Did You Know? - Microbicides
A microbicide is a substance that can substantially reduce transmission of sexually transmitted infections (STIs) when applied either in the vagina or rectum. A microbicide could be produced in many forms, including gels, creams, suppositories, films, lubricants, or in the form of a sponge or a vaginal ring that slowly releases the active ingredient.
The word ‘microbicides’ refers to a range of different products that share one common characteristic: the ability to prevent the sexual transmission of HIV and other STI pathogens (a pathogen is the agent that causes an infection) when applied locally.
Microbicides are not yet available. Scientists are currently testing many substances to see whether they help protect against HIV and/or other STIs, but no safe and effective microbicide is currently available. Right now, there are over 30 product leads, including 10 that have proven safe and effective in animals and are now being tested on people.
A microbicide could prevent HIV and STIs by either killing or immobilising pathogens, blocking infection by creating a barrier between the pathogen and the cells of the vagina or rectum; or preventing the infection from taking hold after it has entered the body. Ideally, the product would combine these mechanisms for extra effectiveness.
Scientists hope that some of the microbicides being investigated will prevent pregnancy whereas some will not. It is important to have both non-contraceptive microbicides and ‘dual-action’ microbicides that prevent pregnancy and infection, so that women and couples can protect their health and still have children.
Microbicides, like all other experimental drugs, must go through a carefully controlled series of tests for safety and effectiveness in laboratories and humans before they can become available for general use. Women’s health activists and researchers are working closely together to ensure that the clinical testing of microbicides in humans is thorough and ethical. Many of the substances and mechanisms of action under investigation are already commonly used in over-the-counter products.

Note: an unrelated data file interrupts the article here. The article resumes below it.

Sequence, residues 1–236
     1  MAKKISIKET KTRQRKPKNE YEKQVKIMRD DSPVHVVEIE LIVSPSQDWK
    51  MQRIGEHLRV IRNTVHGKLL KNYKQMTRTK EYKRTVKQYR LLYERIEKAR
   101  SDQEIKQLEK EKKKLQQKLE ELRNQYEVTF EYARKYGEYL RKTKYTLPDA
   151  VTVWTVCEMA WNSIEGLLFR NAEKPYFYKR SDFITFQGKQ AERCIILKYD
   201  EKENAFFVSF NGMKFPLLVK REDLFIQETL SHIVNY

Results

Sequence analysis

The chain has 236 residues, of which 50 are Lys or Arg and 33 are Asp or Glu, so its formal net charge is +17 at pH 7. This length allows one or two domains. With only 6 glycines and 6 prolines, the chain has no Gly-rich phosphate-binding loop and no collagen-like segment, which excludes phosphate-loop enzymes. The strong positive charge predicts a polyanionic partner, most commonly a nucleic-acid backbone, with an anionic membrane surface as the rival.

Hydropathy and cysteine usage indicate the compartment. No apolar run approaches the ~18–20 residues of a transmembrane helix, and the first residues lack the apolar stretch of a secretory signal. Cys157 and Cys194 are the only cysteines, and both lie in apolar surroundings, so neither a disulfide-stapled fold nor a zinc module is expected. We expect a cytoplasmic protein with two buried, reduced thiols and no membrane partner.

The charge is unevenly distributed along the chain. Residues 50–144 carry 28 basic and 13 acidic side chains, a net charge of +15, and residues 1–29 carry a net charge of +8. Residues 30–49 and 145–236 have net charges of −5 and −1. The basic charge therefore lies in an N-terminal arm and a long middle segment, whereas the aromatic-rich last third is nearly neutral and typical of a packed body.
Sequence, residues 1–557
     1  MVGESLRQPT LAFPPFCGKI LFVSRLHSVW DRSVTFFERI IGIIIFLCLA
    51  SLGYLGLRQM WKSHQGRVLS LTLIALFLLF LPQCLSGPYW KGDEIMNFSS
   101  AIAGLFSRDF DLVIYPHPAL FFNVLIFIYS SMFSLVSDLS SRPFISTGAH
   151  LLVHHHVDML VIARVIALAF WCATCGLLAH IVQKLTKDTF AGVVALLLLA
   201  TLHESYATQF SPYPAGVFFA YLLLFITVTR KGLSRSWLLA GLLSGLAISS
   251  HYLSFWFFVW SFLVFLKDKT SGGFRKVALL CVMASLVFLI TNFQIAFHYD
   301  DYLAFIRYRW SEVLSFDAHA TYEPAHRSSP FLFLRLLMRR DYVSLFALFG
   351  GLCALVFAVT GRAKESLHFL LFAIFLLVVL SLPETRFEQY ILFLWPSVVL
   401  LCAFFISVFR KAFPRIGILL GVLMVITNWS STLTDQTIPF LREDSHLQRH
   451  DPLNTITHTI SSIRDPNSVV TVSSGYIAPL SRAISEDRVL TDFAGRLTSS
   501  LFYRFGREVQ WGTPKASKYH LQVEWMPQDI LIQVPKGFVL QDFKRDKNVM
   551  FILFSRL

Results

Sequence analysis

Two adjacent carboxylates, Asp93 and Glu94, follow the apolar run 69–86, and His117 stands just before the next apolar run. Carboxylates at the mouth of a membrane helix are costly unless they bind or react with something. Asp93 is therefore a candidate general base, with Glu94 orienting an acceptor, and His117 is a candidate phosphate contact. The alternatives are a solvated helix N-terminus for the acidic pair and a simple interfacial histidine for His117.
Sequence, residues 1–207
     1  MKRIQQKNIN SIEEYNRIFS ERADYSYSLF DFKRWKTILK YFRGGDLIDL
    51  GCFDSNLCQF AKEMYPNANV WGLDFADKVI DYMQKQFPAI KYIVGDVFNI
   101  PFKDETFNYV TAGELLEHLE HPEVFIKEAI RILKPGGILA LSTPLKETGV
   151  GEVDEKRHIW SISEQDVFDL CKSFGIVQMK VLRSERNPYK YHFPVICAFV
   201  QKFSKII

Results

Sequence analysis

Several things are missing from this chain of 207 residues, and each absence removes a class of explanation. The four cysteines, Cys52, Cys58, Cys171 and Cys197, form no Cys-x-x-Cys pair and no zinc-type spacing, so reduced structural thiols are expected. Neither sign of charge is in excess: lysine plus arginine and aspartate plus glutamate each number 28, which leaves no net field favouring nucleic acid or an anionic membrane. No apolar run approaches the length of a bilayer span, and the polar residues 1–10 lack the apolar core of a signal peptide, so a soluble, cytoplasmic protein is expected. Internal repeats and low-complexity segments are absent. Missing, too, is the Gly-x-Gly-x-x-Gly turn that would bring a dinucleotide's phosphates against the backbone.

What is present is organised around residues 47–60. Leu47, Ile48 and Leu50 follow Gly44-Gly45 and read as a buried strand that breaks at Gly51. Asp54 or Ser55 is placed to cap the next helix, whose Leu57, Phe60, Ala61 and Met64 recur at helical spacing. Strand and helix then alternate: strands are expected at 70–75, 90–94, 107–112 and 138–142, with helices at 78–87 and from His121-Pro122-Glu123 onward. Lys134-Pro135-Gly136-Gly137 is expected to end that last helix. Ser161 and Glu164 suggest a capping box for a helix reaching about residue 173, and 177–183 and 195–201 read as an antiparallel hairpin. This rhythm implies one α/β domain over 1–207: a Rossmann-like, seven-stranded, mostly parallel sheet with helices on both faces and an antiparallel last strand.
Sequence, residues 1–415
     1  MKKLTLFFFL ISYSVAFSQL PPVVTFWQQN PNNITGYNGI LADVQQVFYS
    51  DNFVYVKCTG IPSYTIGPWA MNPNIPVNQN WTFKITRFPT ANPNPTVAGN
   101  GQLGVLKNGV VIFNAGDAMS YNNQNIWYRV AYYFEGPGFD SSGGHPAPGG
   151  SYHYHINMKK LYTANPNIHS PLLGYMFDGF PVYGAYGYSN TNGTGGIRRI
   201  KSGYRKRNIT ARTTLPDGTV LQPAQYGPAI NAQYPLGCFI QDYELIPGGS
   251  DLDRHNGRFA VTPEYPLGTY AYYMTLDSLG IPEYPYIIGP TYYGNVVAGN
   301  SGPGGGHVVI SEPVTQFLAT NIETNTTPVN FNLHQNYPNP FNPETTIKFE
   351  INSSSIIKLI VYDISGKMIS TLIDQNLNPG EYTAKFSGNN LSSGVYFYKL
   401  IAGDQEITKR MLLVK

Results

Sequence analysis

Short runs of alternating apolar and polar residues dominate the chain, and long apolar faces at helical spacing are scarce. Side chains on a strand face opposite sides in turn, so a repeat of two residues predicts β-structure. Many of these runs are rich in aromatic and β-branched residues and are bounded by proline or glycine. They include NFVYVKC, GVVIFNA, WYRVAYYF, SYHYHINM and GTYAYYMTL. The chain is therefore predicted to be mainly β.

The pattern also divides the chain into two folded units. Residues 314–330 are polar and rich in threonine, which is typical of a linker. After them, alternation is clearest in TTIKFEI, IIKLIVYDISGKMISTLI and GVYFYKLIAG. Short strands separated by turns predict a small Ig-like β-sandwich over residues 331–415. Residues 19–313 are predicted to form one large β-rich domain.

The microbicides field has been characterised by an unusual interplay between advocacy and research. The earliest articulations of the need for a woman-initiated prevention method came from women themselves rather than policymakers and scientists, unlike the call for HIV vaccines which came from scientists. This was long before most people working in the field of AIDS understood or appreciated the huge impact of the epidemic on women.
Virtually all microbicides research to date has been conducted by non-profit and academic institutions or small biotech companies. Studies are being funded by charitable foundations and government grants. Large pharmaceutical companies have not invested significantly in this field, primarily because microbicides are a classic ‘public health good’ which would yield huge benefits to society but for which the profit incentive to private investment is low.
For more information on microbicides please visit www. global-campaign.org. Microbicides 2008, the fourth biannual international conference on microbicides was held in Delhi in February 2008. For an update on the conference please visit www.microbicides2008.com